Long Lake

Situated at the choppy headwaters of Long Lake, Long Lake First Nation is just across the bridge from Longlac.

The first thing you notice is the old church.  Sitting majestically on a peninsula that juts into the water, the church looks like the subject of horror movies and scary stories.  You can see that the roof is falling in.  Some windows are missing and the church needs repair.  It’s old but has lots of character, and looks great sitting against the water.  It looks perfect for movies or random exploring, however access from Highway 11 is blocked by a large no trespassing sign.

Long Lake church on Highway 11

The old church at the tip of Long Lake

The town is surrounded by some marsh land to the east.  The Long Lake First Nation General Store offered gas and snacks.  I didn’t go into town, however it seemed that there were about 50 homes and other buildings.

Nakina / Aroland

North of Geraldton you’ll find two towns on opposite ends of Highway 548 – Nakina, and Aroland.

Nakina is village of approximately 500 people on Highway 584. The village is situated approximately 60 kilometres north of Geraldton – making Nakina one of Ontario’s more remote towns on the road network.

Nakina highway ending, Ontario highway11.ca

At the end of one of the most northerly stretches of road in Ontario are Nakina and Aroland

With 500 people today, Nakina is essentially the remnants of an old railway town. The town was founded in 1913 due to the junction of the railway – after Nakina the rail lines branch southwards towards Toronto or east towards Quebec. This made Nakina an ideal spot for a railway centre. In its heyday, Nakina has a fully functioning roundhouse, with fuel, servicing, and train-turning facilities.

The 1940s saw Nakina get a radar base. Built in World War Two, the base was designed to protect the important locks between Lakes Huron and Superior at Sault Ste. Marie. Like many of Canada’s old radar bases, it was operated by the United States, but dismantled soon after the Second World War.

Nakina, Ontairo way up north a fair bit off Highway 11

Nakina, harkening back to the old days of northern Ontario railway towns (Photo: User P199 at Wiki Commons.)

Nakina hit a boom in the 1970s when, in addition to its railway functions, the town was home to a large paper mill. This boosted the population to nearly double what it is today. Currently, however, minerals exploration and tourism are the largest industries today. Nakina is a starting point for many northern fly-in lodges. You can fly to lakes such as Makokibatan, part of the Albany River system. Fish for walleye, northern pike as well as brook trout.With both the pulp and railway industries definitely on the wane, it may be hard for Nakina to stem out-migration and beat the odds of being such a remote, northern town.

Train station in Nakina, Ontario Highway 11 Homepage

Nakina’s train station

Nakina advertizes along Highway 11 with its mascot, the “Nakina Mosquita”… I wish I had taken a photo of one of those signs. Thanks to Keith for sending in the photos of the rail station and of the end of Highway 584.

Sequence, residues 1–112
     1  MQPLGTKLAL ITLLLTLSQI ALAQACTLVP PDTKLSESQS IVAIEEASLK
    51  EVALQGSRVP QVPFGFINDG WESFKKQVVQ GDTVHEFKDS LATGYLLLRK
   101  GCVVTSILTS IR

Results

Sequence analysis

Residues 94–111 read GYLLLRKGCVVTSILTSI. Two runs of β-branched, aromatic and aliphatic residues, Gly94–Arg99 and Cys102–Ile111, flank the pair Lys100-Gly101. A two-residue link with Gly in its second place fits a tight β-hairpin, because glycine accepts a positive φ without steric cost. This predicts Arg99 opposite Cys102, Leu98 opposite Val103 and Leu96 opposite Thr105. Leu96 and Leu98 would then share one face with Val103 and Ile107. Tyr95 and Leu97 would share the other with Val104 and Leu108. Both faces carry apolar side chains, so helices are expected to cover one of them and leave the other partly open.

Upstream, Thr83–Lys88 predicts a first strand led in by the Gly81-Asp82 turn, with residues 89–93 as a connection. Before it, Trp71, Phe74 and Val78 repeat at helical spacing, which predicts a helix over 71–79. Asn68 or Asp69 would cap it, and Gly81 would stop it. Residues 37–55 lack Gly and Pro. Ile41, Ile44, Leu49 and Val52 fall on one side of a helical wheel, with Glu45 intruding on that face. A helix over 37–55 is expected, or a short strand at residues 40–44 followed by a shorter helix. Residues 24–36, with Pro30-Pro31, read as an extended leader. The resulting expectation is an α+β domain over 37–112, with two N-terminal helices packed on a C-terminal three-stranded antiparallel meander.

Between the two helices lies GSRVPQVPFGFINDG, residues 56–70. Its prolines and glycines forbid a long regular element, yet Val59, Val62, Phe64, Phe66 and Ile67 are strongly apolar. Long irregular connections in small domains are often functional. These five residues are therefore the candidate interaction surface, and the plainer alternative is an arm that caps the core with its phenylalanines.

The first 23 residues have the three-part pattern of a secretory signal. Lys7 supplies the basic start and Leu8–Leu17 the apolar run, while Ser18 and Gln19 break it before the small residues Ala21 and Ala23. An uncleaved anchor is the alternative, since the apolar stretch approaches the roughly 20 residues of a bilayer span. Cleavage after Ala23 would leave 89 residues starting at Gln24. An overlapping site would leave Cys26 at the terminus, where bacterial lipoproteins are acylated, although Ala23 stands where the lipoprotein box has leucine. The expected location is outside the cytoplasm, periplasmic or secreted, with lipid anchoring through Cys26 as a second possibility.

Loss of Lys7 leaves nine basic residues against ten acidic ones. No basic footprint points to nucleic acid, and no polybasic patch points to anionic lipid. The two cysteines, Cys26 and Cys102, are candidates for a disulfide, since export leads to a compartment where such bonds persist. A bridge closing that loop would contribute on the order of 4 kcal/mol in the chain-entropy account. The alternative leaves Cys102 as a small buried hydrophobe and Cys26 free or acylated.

Aroland is an Oji-Cree First Nations town about 20 kilometres northwest of Nakina off Highway 584 on Highway 643. Approximately 300 people live in the community.

The surrounding area was a traditional camping ground in the late 18th and early 19th centuries due to good hunting, fishing and trapping. The Hudson Bay Company set up a trading post at nearby Kawpaskagami Lake in the early 1900s. The railway expanded to the area in 1911. According to the Chiefs of Ontario website, the Arrow Land and Logging Company, which operated in the area from 1933 to 1941, employed many Band members and contributed to the establishment of a permanent community.

The community is made up of members from many First Nations across the north, including former members from Long Lake, Fort Hope, Marten Falls, and Fort William Bands. The Aroland settlement is within the boundaries of the Robinson-Superior Treaty of 1850 and the James Bay Treaty of 1905 (known across the north as Treaty 9.)

Lake Helen

A town of about 250 people, Lake Helen is home to the Red Rock First Nation, which hosts its annual traditional gathering from July 14 through to the 16th.
Lake Helen

Lake Helen has a nice beach and some beautiful views out onto the local lake, which is part of Lake Nipigon Provincial Park.

The town is also home to St. Sylvesters Roman Catholic Church.  Built in 1877, the Jesuit mission is clearly historic and is marked by an on-site plaque, and some traditional scared ground on the other side of Highway 11.

Seine River Village

Seine River Village is a small First Nations community but I haven’t been able to find much on it.  Internet searches only revealed weather information and some random results about Parisian history.

Seine River Village is a fairly isolated spot between Fort Frances and Atikokan on Highway 11.  When you look at the map there doesn’t seem to be much around the town.  So I’m pretty stuck for photos.  Hence the photos here, including the one of a bridge about 10 kilometres east of Seine River Village, sent in by Keith.

Seine River Village, highway11.ca, Ontario Highway 11

And then I found this photo of Seine River Village in the gallery of Wiki Commons user P199.

Ontario Highway 11, highway11.ca, Seine River Village.

This is the best I have for photos: a small bridge 10 km east of Seine River Village. (Photo: Keith)